1. #12 USC at #5 Oregon. Despite the superior rankings in the next game, this is the top matchup of the week. First of all, no one brought this up at the time (who really wants to make excuses for USC) but Booty broke his finger in the second quarter of the Stanford game, and Carroll let him try to tough it out. Otherwise, those four picks and super upset don’t happen, and USC is comfortably the #1 team in the country. On the other hand, if Oregon hadn’t fumbled the game-tying touchdown into the end zone against California, they might well be undefeated and in the top two. Now it’s a Pac-10 elimination game. This is why college is great. Every week matters.

2. #2 Boston College at #8 Virginia Tech. These teams are a combined 13-1, and have played exactly one really good team combined (LSU, 48-7 loss by VT) and only two even okay teams (BC over Wake, VT over Clemson). Now they get to play the first game of two for conference supremacy (UVa is the only possible spoiler, which is pathetic), with national title implications for BC. Got to love ACC football.

3. #1 Ohio State at #25 Penn State. Two years ago, after Ohio State dropped the Texas game, my friend who is a die-hard Buckeye fan said the only team left on the schedule that scared him was Penn State, because of their team speed. Remember, this was still early in the year, well before sportswriters acknowledged that JoePa was still even alive. And Penn State won. Even last year, the 28-6 “blowout” was a one score game with Morelli having a chance to tie until the two straight INTs for touchdowns. This year, back in State College, the Lions will be scary again. And the Bucks’ offense hasn’t looked all that great against the only semi-decent defenses they’ve played.

Predictions: Oregon has outplayed everyone on their schedule badly, including themselves against Cal—and they almost pulled that one out. But USC’s talent level is really off the charts, and I think this might be the game they remind everybody. Everyone’s afraid to play in Blacksburg, but the secret is that this VT team isn’t really all that great. And I’d love to pick Penn State, but I won’t take Morelli against Ohio State’s D. I refuse.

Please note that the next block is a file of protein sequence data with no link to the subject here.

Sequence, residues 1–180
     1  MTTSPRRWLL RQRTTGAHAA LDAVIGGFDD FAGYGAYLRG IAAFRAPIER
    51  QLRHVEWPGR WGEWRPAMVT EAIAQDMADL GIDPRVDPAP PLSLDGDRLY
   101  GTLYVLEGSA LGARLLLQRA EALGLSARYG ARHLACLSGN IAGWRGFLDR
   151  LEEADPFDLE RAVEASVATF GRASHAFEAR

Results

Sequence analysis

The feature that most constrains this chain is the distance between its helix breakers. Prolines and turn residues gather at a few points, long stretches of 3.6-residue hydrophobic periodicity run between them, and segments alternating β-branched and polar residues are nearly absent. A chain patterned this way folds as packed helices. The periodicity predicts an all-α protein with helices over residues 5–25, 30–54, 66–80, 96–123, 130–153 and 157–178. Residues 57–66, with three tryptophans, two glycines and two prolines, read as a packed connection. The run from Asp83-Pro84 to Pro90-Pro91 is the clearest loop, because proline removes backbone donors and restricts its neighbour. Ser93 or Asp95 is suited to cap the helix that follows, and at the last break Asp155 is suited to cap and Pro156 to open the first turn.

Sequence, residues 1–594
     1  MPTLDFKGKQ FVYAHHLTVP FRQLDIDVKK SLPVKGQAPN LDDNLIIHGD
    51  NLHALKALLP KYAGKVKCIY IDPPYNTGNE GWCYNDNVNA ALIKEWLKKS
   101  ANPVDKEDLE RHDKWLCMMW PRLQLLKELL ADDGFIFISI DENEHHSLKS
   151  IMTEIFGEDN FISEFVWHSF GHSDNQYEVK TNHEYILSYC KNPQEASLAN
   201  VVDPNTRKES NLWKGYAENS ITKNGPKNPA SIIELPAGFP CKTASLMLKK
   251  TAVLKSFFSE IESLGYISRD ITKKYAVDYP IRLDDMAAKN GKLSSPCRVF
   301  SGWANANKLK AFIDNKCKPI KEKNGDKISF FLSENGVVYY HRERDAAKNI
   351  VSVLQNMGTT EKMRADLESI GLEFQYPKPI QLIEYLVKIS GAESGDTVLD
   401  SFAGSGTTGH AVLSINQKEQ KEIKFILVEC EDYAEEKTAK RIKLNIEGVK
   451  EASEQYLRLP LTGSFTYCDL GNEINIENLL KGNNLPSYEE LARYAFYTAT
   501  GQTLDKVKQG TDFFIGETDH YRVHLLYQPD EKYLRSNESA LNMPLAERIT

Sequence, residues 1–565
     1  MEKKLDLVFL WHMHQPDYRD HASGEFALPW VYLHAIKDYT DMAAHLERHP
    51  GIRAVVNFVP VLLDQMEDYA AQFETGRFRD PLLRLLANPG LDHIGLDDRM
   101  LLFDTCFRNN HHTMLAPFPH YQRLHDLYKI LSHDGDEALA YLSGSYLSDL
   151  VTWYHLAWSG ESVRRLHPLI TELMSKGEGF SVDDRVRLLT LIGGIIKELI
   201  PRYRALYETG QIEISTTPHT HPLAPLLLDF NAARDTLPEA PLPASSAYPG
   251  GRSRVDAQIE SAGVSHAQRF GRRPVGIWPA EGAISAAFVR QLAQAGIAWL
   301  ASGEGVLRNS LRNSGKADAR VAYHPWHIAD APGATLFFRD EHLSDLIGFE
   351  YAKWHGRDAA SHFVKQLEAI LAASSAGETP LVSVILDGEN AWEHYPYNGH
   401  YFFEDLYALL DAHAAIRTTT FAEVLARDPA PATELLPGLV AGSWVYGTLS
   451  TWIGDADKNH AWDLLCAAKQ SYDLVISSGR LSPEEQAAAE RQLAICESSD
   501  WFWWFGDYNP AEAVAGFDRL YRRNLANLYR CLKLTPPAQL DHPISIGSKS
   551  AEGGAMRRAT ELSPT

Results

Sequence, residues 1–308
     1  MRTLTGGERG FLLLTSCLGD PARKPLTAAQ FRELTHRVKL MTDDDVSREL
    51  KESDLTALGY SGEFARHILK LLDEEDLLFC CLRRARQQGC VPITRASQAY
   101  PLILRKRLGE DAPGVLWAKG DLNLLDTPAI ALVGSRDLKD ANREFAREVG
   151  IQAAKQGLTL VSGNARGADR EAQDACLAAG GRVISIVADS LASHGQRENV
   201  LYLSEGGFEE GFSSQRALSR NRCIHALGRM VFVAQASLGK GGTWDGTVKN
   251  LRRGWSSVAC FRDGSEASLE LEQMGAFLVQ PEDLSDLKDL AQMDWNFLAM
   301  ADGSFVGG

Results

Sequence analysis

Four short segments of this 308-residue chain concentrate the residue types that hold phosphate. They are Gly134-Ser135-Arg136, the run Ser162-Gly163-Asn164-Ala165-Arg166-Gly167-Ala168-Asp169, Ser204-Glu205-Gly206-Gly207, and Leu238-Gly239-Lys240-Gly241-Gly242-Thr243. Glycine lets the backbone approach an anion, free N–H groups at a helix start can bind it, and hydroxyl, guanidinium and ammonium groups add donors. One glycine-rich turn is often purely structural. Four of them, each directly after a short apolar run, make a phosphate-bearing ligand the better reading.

Picks: USC, BC, OSU

Wednesday, October 17, 2007

On Even More SEC Games, and South Florida

Well, LSU-Kentucky cemented this college football season as one of the craziest ever. Interestingly, most of this year’s big games (with Florida-LSU standing as a big exception) have been important only in retrospect. Nobody was circling Stanford or Appalachian State on the calendar. This logic holds in the Big Ten, Big 12 and ACC—except BC/VT and Ohio State/Michigan, the (non-championship) games that matter in that league are whatever the remaining upsets are. The Pac 10 doesn’t have any Big Four matchups this week, so guess which two conferences are showing up again?

1. #17 Auburn at #4 LSU. Maybe writing Auburn off for losing to South Florida was a little premature. Still, the Tigers, er, Auburn version, have some red flags. They did lose to Mississippi State, and they did fail to score a TD against Arkansas, which is less than North Texas and UT-Chattanooga can say.

Meanwhile, it goes without saying the Tig—LSU Tigers—are going to be pissed. Also, somewhat desperate. They’ve gone from the no question #1 in the country to needing two straight wins (Auburn, at Alabama) to even stay atop the SEC West.

2. #15 Florida at #7 Kentucky. Yes, it is right back on the horse in this conference. Kentucky suffered a tough loss at South Carolina and got thrown back in against LSU, and now they have no time to enjoy that victory. Like everyone in the SEC East except Vanderbilt, both these teams are pretty close to in control of their own destinies and very much in contention. That ends for the loser of this game. By the way, if you don’t think Urban Meyer has some new wrinkles from his bye week, you are crazy.

3. #2 South Florida at Rutgers. USF drew an almost obscenely fortunate home schedule, getting West Virginia, Cincy and Louisville in Tampa. So this trip to New Jersey is their only visit to a Big East contender. Although, with their wins coming against Buffalo, Navy, Norfolk State and Syracuse, and with home losses to both Cincinnati and Maryland, is Rutgers really a contender? Someone will have to be, if they’re going to keep South Florida out of the national title game.